Sunday, April 26, 2015

Benchmarking unigine heaven on debian

In this article, we are trying something different, a good buddy of mine asking me to do graphic benchmark on linux system. So let's roll. Start by, downloading the benchmark application here at

This benchmark application size about 290MB, so while waiting for the download to complete, you should probably check if your graphic card has 3d driver installed and enabled. You can check by running in the terminal with the command glxgears, see screenshot below.


So make sure the gearing windows pop up or you will need to solve the problem shown in the terminal if it is not. Once the benchmark application is downloaded, you need to unpack and run it. See below.
user@localhost:~$ sh 
Creating directory Unigine_Heaven-4.0
Verifying archive integrity... All good.
Uncompressing Unigine Heaven Benchmark.............................................................................
Unigine Heaven Benchmark installation is completed. Launch heaven to run it
user@localhost:~$ cd Unigine_Heaven-4.0
user@localhost:~/Unigine_Heaven-4.0$ ls
total 16K
-rwxr-xr-x 1 jason jason 278 Feb 13 2013 heaven
drwxr-xr-x 4 jason jason 4.0K Feb 13 2013 bin
drwxr-xr-x 2 jason jason 4.0K Feb 13 2013 documentation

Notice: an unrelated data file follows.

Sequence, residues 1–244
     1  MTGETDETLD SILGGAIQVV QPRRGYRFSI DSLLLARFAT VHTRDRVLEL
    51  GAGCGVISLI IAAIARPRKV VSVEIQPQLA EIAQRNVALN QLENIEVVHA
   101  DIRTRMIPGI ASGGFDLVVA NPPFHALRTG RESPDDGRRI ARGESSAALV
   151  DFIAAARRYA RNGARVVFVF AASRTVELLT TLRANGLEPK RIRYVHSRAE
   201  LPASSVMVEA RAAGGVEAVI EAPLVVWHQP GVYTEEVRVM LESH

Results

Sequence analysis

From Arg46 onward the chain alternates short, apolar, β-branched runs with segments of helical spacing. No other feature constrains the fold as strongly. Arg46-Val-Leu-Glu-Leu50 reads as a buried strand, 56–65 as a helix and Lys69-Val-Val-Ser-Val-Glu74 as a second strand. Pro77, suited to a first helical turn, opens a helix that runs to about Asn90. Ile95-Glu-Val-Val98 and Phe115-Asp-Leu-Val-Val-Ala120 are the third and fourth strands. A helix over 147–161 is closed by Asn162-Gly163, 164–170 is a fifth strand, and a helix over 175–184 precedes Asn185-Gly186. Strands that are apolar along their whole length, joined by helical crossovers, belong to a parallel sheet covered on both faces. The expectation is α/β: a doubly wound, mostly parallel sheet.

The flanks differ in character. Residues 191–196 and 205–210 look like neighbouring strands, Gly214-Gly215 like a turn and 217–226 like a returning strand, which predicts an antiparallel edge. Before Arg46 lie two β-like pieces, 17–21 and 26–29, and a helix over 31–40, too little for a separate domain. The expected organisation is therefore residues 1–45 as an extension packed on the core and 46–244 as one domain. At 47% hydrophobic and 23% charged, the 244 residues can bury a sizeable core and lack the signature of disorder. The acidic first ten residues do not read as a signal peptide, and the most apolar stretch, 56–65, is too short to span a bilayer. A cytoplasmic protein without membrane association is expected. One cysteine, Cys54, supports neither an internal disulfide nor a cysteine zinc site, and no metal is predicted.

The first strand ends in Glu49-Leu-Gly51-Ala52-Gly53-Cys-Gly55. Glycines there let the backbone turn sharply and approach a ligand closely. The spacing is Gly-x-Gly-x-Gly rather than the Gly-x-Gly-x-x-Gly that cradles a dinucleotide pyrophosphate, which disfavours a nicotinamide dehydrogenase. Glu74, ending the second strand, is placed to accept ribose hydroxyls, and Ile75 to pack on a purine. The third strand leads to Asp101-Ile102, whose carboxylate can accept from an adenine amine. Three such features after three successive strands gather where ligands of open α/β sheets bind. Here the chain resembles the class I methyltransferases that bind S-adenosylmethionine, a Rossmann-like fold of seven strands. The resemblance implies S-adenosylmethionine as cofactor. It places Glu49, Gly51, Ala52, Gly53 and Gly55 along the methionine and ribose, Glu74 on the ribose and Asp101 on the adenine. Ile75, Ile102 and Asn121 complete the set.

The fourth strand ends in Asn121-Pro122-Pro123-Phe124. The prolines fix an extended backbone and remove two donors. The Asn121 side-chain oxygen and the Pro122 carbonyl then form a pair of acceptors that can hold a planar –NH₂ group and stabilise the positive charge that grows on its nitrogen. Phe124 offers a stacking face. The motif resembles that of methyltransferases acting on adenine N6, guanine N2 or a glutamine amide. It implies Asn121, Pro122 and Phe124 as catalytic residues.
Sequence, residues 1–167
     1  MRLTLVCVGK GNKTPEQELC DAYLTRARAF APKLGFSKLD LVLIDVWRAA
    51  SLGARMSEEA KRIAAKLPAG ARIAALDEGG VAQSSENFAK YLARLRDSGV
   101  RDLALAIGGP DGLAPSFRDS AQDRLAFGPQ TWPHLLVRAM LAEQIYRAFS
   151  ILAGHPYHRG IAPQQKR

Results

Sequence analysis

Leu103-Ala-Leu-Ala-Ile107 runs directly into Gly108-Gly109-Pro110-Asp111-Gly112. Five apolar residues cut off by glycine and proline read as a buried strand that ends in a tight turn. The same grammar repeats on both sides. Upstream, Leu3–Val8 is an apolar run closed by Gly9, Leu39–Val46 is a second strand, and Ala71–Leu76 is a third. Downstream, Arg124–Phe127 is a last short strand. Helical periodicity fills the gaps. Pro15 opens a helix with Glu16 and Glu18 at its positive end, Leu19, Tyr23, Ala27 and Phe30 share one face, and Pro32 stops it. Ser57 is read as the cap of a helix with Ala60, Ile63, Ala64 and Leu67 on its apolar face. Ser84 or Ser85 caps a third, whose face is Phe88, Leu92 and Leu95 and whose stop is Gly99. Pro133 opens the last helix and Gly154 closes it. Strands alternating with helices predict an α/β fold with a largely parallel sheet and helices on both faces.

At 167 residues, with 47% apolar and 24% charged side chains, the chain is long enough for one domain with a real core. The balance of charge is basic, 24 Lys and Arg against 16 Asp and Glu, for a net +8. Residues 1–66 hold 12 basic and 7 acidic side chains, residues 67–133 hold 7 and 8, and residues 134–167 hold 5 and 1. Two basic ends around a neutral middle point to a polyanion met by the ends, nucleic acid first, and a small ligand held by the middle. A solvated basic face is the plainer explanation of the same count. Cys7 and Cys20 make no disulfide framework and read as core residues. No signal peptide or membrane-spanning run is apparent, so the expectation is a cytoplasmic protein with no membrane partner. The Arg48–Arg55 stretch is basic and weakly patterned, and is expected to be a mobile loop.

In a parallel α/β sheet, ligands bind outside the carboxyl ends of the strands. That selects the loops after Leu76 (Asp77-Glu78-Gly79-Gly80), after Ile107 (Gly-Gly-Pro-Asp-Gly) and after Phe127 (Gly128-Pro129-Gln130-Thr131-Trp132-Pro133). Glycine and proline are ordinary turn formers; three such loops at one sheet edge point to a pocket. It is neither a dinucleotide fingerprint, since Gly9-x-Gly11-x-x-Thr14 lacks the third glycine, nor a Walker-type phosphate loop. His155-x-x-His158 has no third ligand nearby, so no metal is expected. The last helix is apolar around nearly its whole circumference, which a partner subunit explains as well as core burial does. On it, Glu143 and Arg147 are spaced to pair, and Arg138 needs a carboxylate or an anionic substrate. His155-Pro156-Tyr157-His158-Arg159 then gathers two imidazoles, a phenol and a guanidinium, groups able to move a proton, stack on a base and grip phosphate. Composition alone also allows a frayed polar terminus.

drwxr-xr-x 3 jason jason 4.0K Feb 13 2013 data
user@localhost:~/Unigine_Heaven-4.0$ ./heaven
Loading "/home/user/Unigine_Heaven-4.0/bin/../data/heaven_4.0.cfg"...
Loading ""...
Loading ""...
Loading ""...
Set 1920x1080 fullscreen video mode
Set 1.00 gamma value
Unigine engine
Binary: Linux 64bit GCC 4.4.5 Release Feb 13 2013 r11274
Features: OpenGL OpenAL XPad360 Joystick Flash Editor
App path: /home/user/Unigine_Heaven-4.0/bin/
Data path: /home/user/Unigine_Heaven-4.0/data/
Save path: /home/user/.Heaven/

---- System ----
System: Linux 3.9-1-amd64 x86_64
CPU: Intel(R) Core(TM) i3 CPU 380 @ 2.53GHz 2526MHz MMX SSE SSE2 SSE3 SSSE3 SSE41 SSE42 HTT x4
GPU: Unknown GPU x1
System memory: 7869 MB
Video memory: 256 MB
Sync threads: 3
Async threads: 4

---- MathLib ----
Set SSE2 simd processor

---- Sound ----
Renderer: OpenAL Soft
OpenAL vendor: OpenAL Community
OpenAL renderer: OpenAL Soft
OpenAL version: 1.1 ALSOFT 1.15.1
Found EFX Filter
Found EFX Reverb
Found EAX Reverb
Found QUAD16 format
Found 51CHN16 format
Found 61CHN16 format
Found 71CHN16 format
Maximum sources: 256
Maximum effect slots: 4
Maximum auxiliary sends: 2

---- Render ----
GLRender::GLRender(): Unknown GPU
OpenGL vendor: X.Org
OpenGL renderer: Gallium 0.4 on AMD REDWOOD
OpenGL version: 3.2 (Core Profile) Mesa 10.2.8
OpenGL flags: Core Profile
Found required GL_ARB_map_buffer_range
Found required GL_ARB_vertex_array_object
Found required GL_ARB_draw_instanced
Found required GL_ARB_draw_elements_base_vertex
Found required GL_ARB_transform_feedback